The software giant will bring its Fluent Design language to (formerly Office 365) and abandon aging interfaces and designs that forced users to do more work than necessary.
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Highlighting the changes is Jon Friedman, corporate vice president of design and research at Microsoft, who wrote in a Medium blog post about the forthcoming changes. At the core of Microsoft's Office overhaul is the goal of “designing experiences that encompass your wellbeing."
Reaching that goal requires a visual makeover of Microsoft 365 apps and the death of long-standing tools, including the ribbon toolbar. Replacing this signature element is a simplified toolbar that, when removed from the top of the window, floats next to where you're working to provide "contextually relevant commands."
“Having your ribbon commands follow your actions and being context-aware will reduce cognitive load and increase focus on the task at hand, whether you’re on your phone in the subway or your tablet on the sofa or your desktop," Friedman told The Verge.
Other changes coming to Office
Removing the ribbon is undoubtedly the biggest change coming to Office but it's not the only one. When the update arrives, it will be easier to determine which app you're using by looking at a simple icon at the top of your screen. The Microsoft 365 interface will also have faded brand colors on app headers and more transparent surfaces.
Search will also be updated to bring relevant information across the entire suite of apps, and AI will be used to assist us when we need more context, like chat histories or a list of people working on a project.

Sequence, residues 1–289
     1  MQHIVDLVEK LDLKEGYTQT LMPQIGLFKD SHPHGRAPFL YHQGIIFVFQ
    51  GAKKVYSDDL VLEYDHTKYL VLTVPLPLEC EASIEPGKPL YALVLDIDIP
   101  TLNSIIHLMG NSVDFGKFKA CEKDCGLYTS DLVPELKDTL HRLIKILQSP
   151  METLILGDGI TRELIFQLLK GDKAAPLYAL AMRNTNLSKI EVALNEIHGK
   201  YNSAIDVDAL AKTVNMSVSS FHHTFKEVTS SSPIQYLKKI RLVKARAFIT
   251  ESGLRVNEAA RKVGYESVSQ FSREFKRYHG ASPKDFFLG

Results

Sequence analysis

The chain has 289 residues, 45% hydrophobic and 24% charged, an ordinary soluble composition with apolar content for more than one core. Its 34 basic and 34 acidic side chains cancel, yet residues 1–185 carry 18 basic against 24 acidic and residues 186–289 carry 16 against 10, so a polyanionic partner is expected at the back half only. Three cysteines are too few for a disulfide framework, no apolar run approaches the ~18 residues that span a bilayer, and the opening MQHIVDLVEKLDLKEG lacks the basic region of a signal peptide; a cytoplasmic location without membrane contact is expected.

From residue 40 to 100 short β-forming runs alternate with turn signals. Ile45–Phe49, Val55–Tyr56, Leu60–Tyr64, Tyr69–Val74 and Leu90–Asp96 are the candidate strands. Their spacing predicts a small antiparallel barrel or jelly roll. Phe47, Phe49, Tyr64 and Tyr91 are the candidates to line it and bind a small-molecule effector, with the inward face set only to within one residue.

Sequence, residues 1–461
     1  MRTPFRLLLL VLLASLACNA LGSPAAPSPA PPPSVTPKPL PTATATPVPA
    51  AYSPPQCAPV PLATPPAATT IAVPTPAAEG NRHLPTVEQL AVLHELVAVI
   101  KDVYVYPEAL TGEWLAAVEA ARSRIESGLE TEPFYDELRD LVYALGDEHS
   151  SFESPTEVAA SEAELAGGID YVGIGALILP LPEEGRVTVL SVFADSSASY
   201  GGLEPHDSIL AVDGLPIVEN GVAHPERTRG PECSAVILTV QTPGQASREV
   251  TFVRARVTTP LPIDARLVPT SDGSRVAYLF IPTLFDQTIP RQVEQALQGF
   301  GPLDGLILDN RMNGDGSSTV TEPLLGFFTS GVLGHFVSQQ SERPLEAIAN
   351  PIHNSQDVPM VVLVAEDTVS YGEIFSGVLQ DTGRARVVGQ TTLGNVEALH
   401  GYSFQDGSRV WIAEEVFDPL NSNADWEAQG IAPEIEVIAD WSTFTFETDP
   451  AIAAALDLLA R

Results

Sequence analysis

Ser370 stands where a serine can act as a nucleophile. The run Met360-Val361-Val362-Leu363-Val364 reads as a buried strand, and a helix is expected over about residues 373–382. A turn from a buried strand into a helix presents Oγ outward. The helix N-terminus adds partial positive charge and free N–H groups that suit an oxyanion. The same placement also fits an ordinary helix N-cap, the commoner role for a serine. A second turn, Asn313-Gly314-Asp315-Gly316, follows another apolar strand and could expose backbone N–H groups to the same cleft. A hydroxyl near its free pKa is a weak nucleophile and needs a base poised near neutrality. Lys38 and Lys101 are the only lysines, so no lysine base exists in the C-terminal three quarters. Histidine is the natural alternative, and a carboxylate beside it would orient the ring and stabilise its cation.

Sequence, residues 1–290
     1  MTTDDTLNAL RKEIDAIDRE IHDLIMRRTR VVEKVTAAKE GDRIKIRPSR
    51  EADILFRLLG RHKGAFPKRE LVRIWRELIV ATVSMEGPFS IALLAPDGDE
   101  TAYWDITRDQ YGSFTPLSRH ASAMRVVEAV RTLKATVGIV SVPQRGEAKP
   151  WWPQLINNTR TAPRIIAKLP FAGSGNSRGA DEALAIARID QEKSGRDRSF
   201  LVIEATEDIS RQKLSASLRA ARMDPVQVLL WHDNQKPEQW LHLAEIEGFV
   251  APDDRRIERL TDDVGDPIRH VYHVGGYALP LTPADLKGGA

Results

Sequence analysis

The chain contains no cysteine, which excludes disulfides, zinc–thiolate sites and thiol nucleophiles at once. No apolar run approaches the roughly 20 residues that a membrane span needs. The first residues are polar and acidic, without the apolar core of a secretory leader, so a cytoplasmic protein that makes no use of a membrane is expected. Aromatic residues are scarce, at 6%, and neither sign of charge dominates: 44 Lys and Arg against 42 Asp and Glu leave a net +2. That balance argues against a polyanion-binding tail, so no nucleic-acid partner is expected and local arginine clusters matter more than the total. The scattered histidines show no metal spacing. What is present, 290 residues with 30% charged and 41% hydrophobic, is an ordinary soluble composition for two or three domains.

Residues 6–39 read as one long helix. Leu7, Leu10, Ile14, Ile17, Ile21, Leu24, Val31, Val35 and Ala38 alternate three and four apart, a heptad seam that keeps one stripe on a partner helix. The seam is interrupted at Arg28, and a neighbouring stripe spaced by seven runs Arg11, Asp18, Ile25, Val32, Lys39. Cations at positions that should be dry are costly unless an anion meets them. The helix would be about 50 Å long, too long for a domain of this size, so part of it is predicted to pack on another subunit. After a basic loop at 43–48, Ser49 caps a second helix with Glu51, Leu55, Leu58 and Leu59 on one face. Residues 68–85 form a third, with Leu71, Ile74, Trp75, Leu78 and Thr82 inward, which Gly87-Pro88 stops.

Friedman also said Microsoft 365 would be designed for "multiple cognitive states" so you can stay focused, away from external distractions, although what form this will take on is yet to be seen. Cortana will continue to be a part of Microsoft's app suite, “Across our product suite, Cortana experiences leverage AI to help you navigate your days more smoothly."
"Logistically, we want apps to seamlessly communicate so experiences are cohesive and collaborations are fun and fluid. Within Teams, we’re crafting more dynamic and contextual experiences like Planner, PowerPoint, and Whiteboard, as well as lighting up Teams for Life and its Skype integration," Friedman wrote.
When are these changes coming?
Microsoft didn't specify when these changes would arrive on Microsoft 365 and the Office apps it encompasses. Friedman said "some of the changes will roll out within a year or two" while others are more "exploratory."
Furthermore, Microsoft is conducting global studies to "help us understand how human needs are changing in real time amid such an unprecedented landscape."
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Phillip Tracy is the assistant managing editor at Laptop Mag where he reviews laptops, phones and other gadgets while covering the latest industry news. After graduating with a journalism degree from the University of Texas at Austin, Phillip became a tech reporter at the Daily Dot. There, he wrote reviews for a range of gadgets and covered everything from social media trends to cybersecurity. Prior to that, he wrote for RCR Wireless News covering 5G and IoT. When he's not tinkering with devices, you can find Phillip playing video games, reading, traveling or watching soccer.